Your body changes as you age, so your diet needs to change, too. These tips from a Mayo Clinic wellness dietitian can help ensure you're getting the nutrients you need.
You are what you eat, right? For women over 50, eating the right foods becomes even more important to avoid health problems.
Jason Ewoldt, RDN, LD, a wellness dietitian at Mayo Clinic Healthy Living Program, often helps women modify their diets to stay in step with the changes taking place in their bodies. Decades of research have armed medical professionals like him with the nutritional knowledge that can help women stay vibrant as they age.
Ewoldt suggests that women over 50 target three important nutrients to combat the most common changes caused by aging.
Osteoporosis gets a fair amount of attention, and most older women understand that the risk of developing this bone disease increases with age. In fact, 1 in 3 women over 50 is at risk of a bone break caused by osteoporosis. Osteoporosis affects men, too, but not at such high rates.
"We absorb less calcium as we age, and some women's ability to tolerate dairy — the best sources of calcium — also decreases as they get older," Ewoldt says. "Dark leafy greens and calcium-fortified orange juice are other good sources."
Women over 50 need 1,200 milligrams of calcium daily. Use the Nutrition Facts label on food products to keep track of your intake.
Older women tend to sit more, exercise less. That compounds a natural aging process called sarcopenia, which is the loss of muscle mass. By the time women near 80 years, they may have lost as much as half of their skeletal muscle mass. Eating enough protein reduces the impact of that muscle wasting.
"Healthy plant-based diets that don't include meat, a major source of protein, can still provide plenty of protein if you make savvy choices," says Ewoldt. He recommends choosing more soy, quinoa, eggs, dairy, nuts, seeds and beans.
Your protein needs depend on how much you weigh. For women over 50, experts recommend 1 to 1.5 grams of protein per kilogram of weight (1 kilogram = 2.2 pounds). If you weigh 140 pounds, for instance, you would need at least 63 grams of protein a day.
Ewoldt says that as women age, they absorb fewer nutrients from their food. One key nutrient they may not be absorbing enough of is vitamin B-12, which is essential for maintaining both healthy red blood cells and brain function.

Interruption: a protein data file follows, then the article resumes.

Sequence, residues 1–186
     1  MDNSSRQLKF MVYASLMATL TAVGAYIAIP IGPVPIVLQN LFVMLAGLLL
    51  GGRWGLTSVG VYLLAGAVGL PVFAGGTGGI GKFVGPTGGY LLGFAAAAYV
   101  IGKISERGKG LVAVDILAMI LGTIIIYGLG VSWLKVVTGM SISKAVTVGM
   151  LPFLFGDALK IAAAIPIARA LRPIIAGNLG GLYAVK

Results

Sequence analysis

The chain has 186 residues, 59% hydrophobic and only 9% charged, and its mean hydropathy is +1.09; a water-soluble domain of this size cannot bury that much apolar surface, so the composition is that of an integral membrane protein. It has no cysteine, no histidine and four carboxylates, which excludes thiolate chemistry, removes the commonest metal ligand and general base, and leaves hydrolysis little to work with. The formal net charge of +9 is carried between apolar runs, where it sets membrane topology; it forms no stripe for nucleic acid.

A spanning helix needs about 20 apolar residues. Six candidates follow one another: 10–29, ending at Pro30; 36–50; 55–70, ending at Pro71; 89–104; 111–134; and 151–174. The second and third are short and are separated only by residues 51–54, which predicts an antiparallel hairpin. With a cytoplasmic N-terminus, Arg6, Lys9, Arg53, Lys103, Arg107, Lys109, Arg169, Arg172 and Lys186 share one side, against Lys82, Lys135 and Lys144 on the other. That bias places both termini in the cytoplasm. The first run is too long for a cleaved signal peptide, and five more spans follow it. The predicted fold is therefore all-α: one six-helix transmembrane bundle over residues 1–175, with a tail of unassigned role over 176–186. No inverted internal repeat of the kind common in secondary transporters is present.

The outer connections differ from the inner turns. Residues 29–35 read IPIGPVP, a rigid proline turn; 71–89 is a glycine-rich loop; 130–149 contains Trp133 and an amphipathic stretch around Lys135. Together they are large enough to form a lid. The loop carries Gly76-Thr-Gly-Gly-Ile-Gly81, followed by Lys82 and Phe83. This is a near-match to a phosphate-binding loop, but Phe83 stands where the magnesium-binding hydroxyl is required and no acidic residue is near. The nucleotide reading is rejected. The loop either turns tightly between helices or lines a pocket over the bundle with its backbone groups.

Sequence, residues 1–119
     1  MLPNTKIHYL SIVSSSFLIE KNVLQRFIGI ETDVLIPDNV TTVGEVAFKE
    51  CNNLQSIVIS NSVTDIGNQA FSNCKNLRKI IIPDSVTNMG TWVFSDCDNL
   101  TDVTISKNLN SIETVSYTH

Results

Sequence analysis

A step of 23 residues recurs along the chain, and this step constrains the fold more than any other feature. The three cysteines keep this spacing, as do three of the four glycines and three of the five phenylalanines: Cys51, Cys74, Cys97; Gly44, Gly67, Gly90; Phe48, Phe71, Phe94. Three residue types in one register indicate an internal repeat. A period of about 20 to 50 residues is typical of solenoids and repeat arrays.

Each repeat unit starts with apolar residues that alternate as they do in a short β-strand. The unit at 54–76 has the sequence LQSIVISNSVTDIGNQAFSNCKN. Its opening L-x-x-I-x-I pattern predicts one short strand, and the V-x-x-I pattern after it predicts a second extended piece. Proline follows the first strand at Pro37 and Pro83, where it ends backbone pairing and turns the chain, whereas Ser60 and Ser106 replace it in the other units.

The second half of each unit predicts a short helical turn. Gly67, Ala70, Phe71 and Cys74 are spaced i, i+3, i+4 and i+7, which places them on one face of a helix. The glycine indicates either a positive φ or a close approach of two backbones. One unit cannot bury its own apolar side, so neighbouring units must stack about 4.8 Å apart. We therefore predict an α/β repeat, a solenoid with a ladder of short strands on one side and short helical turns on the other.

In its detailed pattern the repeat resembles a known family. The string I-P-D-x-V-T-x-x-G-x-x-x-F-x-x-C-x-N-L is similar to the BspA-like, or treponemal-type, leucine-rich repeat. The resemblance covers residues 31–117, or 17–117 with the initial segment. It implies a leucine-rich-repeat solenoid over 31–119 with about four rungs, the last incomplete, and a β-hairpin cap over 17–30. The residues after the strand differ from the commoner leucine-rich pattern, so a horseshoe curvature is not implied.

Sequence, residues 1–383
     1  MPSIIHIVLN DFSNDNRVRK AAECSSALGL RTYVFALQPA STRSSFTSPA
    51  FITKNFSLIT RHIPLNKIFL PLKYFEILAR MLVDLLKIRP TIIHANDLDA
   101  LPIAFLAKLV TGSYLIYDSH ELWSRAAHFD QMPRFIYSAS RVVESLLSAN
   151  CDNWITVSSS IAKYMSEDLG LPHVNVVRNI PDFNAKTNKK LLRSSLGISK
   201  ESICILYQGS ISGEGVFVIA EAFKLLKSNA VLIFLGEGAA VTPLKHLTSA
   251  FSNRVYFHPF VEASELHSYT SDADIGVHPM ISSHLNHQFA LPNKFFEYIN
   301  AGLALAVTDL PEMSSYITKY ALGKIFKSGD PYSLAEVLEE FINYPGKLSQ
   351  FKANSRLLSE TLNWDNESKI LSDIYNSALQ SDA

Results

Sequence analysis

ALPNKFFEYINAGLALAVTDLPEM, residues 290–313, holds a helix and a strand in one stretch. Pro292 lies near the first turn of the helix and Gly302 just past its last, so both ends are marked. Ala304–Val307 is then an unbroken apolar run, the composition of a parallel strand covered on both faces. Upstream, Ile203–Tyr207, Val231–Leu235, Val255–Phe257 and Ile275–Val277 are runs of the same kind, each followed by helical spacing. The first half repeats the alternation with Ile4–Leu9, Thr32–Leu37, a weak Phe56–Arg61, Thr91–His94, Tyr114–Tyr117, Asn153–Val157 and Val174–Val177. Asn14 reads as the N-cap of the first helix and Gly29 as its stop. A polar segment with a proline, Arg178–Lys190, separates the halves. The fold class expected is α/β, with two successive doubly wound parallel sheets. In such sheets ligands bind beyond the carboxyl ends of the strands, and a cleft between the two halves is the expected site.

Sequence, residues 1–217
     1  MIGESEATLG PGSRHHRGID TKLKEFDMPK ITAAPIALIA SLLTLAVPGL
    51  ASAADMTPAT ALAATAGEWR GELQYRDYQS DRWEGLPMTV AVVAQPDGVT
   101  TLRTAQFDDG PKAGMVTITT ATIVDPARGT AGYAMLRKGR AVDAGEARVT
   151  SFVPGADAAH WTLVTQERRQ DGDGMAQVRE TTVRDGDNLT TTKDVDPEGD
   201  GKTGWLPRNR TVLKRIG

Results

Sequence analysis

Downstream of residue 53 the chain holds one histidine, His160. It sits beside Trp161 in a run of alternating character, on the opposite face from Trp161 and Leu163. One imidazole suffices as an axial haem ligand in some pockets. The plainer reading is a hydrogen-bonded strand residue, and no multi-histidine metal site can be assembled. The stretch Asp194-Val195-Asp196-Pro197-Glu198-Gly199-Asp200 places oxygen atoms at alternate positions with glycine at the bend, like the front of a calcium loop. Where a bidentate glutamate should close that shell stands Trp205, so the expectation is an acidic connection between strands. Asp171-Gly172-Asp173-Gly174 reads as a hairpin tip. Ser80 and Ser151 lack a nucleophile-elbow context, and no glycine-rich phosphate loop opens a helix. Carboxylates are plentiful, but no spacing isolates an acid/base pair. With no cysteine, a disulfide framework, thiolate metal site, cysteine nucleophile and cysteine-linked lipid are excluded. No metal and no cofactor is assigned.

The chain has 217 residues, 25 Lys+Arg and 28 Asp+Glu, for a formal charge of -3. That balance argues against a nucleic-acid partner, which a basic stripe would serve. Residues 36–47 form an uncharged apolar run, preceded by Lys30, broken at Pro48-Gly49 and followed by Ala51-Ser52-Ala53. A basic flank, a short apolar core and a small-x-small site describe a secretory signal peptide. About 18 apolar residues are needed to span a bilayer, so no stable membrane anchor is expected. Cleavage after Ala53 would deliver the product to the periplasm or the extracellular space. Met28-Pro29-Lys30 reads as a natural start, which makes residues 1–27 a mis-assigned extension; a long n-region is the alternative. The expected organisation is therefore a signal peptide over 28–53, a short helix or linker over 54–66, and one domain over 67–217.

"The best sources of vitamin B-12 are eggs, milk, lean meats, fish and fortified foods like cereals and grains," says Ewoldt. "Vegans, in particular, will need to choose more fortified foods, but even elderly people who eat all foods may have difficulty absorbing enough vitamin B-12."
While the recommended daily intake of vitamin B-12 for women over 50 is 2.4 micrograms a day, Ewoldt suggests you talk with your doctor to see if you also need a supplement.
Ewoldt offers three tips to help women over 50 get the nutrition they need.
- Make whole foods the foundation of your diet. "Focusing on whole grains, fruits and veggies will help avoid a lot of common problems that come with age," says Ewoldt.
- Drink before you're thirsty. The way your body detects thirst changes as you age. Says Ewoldt, "Make sure to drink plenty of water, even if you don't feel thirsty. Carry a water bottle, and drink a glass with every meal."
- Make an appointment with food. (And keep it.) Ewoldt often suggests that his clients create concrete plans that lay out exactly how they'll get key nutrients. He adds, "Write the plan on a calendar. By simply making an 'appointment' with that apple, you're more likely to eat it."
Oct. 11, 2019
- What is osteoporosis? International Osteoporosis Foundation. https://www.iofbonehealth.org/what-is-osteoporosis. Accessed Sept. 5, 2019.
- Watson JD. Sarcopenia in older adults. Current Opinion in Rheumatology. 2012;24:623.
- Morley JE, et al. Nutritional recommendations for the management of sarcopenia. Journal of the American Medical Directors Association. 2010; 2010; doi:10.1016/j.jamda.2010.04.014.
- Vitamin B12. National Institutes of Health. https://ods.od.nih.gov/factsheets/VitaminB12-HealthProfessional/. Accessed Sept. 7, 2019.
- Baik HW, et al. Vitamin B12 deficiency in the elderly. Annual Review of Nutrition. 1999;19:357.